Hingis geared up for another cannonball run

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The Independent Online

Hingis can be nothing other than popular in Melbourne, where she figured in six finals between 1997 and 2002, winning the first three. But whether the style that won five Grand Slams and 35 other singles titles remains relevant is the question intriguing many besides Hingis herself.

The ability to play smart tennis and move accordingly was what carried her to No 1. What drove her out of the game in 2002 was, ostensibly, a persistent foot problem, but there was no denying the allied effect on her morale of the cannonball stuff dished out by the Williams sisters.

Since then the women's game has become faster and more powerful, even when practised by someone of similar stature such as Justine Henin-Hardenne. This was starkly shown in Sydney last week when Henin, herself plagued by injury, sent Hingis packing in straight sets.

Despite the fine words about a new challenge, the implication is that Hingis has come back because she was bored by a life of leisure and luxury. Clearly, the whiff of battle proved irresistible.

Though the next fortnight will not, of course, prove definitive, Hingis will certainly be offered a sharp image of what lies in store. She starts with an eminently winnable outing against the Russian 30th seed, Vera Zvonareva, before a possible third-round clash with Mary Pierce, the 1995 champion, who herself knows a thing or two about comebacks.

Failure to get past Zvon-areva would be a setback, while defeat by the resurgent Pierce would not, at least at this stage. However, with the Aussie audience roaring her along, swatting Pierce would tell the world the Swiss Miss is back for real. The next peak for Hingis should be a quarter-final against the second seed, Kim Clijsters, always providing the hip injury afflicting the Belgian has cleared up. Quietly crossing his fingers, the tournament's chief executive, Paul McNamee, said: "Kim says she is going to play, so I believe her."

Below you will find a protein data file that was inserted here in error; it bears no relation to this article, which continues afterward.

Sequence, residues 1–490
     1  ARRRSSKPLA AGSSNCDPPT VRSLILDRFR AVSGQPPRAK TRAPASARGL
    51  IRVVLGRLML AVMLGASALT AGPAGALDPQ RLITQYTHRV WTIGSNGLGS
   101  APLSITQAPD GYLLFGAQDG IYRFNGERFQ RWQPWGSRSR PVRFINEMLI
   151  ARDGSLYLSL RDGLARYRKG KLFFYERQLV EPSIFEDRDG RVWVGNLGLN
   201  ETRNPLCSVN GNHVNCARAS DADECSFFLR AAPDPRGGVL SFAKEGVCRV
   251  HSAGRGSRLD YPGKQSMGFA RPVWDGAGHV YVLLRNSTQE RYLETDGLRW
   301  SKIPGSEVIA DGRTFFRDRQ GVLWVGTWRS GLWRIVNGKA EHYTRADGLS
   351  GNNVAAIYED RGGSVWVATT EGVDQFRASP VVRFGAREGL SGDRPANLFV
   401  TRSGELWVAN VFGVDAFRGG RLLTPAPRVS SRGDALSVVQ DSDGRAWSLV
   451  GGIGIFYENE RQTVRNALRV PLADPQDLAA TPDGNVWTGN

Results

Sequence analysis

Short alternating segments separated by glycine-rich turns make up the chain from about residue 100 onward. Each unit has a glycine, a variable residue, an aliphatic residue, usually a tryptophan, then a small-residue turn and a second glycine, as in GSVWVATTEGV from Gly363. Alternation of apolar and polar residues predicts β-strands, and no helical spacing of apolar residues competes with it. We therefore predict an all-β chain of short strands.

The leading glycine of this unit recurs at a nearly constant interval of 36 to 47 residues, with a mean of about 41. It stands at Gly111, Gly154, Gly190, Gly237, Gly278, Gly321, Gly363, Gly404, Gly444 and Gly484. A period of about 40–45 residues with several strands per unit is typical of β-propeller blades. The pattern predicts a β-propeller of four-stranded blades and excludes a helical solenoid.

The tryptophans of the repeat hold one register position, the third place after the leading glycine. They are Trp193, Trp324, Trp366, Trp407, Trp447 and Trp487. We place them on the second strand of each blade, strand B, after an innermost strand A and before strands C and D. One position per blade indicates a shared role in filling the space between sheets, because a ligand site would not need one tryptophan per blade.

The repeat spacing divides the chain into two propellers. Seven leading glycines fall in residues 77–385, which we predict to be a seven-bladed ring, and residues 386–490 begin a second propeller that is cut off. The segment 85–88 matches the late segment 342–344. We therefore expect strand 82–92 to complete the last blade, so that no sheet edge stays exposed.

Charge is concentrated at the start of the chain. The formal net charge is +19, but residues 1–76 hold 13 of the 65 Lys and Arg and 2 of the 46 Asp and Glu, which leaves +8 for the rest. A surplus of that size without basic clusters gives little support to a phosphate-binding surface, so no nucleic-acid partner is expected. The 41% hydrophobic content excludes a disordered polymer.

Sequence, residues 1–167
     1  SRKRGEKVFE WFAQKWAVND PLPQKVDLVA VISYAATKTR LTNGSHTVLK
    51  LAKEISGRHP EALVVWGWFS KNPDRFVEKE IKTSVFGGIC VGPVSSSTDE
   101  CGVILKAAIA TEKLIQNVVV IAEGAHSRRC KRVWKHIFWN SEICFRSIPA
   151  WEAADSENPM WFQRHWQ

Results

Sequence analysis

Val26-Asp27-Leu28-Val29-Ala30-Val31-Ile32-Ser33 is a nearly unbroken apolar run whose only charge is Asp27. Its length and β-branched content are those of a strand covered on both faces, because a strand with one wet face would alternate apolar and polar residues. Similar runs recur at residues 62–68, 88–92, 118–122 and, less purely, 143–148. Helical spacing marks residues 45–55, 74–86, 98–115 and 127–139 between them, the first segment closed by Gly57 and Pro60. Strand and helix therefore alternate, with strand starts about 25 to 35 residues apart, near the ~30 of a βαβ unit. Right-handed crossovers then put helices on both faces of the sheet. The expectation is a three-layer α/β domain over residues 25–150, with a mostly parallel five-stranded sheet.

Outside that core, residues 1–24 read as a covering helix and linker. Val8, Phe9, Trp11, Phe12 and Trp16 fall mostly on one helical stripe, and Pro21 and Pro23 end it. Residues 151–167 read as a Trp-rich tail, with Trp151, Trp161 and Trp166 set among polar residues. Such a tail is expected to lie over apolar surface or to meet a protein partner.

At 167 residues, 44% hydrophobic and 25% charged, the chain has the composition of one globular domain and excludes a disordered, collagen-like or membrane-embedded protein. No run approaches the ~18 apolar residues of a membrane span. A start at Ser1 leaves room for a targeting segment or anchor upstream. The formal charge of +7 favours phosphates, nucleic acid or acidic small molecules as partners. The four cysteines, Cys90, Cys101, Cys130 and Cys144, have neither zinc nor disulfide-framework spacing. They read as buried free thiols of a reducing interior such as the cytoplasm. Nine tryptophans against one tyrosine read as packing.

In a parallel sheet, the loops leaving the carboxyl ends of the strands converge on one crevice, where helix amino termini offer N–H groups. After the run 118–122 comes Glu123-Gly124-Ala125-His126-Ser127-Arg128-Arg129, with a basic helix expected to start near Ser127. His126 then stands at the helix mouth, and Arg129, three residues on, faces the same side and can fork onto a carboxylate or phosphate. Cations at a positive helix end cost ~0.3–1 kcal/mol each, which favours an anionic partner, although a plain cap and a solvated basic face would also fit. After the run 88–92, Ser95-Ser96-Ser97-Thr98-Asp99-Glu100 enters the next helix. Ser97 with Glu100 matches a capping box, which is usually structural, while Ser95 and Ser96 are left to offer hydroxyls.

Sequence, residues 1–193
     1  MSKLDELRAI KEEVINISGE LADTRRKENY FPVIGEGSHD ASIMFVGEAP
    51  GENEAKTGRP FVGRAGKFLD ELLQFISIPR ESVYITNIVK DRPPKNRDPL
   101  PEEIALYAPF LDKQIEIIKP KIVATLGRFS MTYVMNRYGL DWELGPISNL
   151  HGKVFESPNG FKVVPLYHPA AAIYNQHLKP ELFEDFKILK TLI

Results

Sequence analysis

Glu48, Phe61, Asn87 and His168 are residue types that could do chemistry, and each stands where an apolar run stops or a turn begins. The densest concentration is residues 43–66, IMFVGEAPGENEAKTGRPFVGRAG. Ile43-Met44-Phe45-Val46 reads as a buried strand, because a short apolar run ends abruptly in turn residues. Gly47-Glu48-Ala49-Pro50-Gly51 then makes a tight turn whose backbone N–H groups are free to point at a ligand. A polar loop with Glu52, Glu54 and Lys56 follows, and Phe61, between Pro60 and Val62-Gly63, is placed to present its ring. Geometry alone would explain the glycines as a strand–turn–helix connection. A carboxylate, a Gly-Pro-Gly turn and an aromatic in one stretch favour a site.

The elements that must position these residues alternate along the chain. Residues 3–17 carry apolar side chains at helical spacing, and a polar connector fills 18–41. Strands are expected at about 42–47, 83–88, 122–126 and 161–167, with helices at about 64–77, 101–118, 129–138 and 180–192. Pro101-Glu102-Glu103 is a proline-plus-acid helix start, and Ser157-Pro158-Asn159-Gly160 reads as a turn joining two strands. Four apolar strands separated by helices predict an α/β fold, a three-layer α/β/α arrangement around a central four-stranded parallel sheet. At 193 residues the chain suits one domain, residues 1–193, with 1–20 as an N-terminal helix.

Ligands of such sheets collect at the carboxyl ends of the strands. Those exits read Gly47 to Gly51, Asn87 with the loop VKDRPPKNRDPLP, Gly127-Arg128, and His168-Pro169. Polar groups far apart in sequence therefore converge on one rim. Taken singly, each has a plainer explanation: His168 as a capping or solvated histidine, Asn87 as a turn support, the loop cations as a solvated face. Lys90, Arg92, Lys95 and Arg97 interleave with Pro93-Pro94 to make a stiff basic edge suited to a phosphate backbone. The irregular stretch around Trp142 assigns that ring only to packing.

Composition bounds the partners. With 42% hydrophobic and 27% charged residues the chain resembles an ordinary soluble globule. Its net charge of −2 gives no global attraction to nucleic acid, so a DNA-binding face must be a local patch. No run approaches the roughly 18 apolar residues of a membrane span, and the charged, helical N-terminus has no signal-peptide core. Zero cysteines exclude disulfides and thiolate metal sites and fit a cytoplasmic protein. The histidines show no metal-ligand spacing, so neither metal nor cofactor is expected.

The hope is for someone like Clijsters or Henin to disrupt the US domination. Since Hingis lost her title to Lindsay Davenport in 2000 the crown has lodged with Americans in four years out of five. Davenport is top seed, but as she closes in on her 30th birthday stamina, never a strong point, could be a decisive factor, as it was in her astonishing collapse to Serena Williams in last year's final.

Though they have been lying low of late, nursing various ailments and doing the myriad things they enjoy, the Williams girls pose clear threats to the ambitions of the other top women. Like her sister, Venus holds a Grand Slam, the biggest of them all, Wimbledon, by having outlasted Davenport in the final, and Davenport's seeding may survive no further than a quarter-final in Melbourne against either Venus or Henin.

Maria Sharapova, the opponent Hingis would love to play most on the comeback trail ("I want to see what she's got") and the best of nine seeded Russians, would need to eliminate Serena in the fourth round and then either Venus, Davenport or Henin to set up a confrontation with Hingis.

It would be in the final, which just goes to show Hingis is already thinking big again.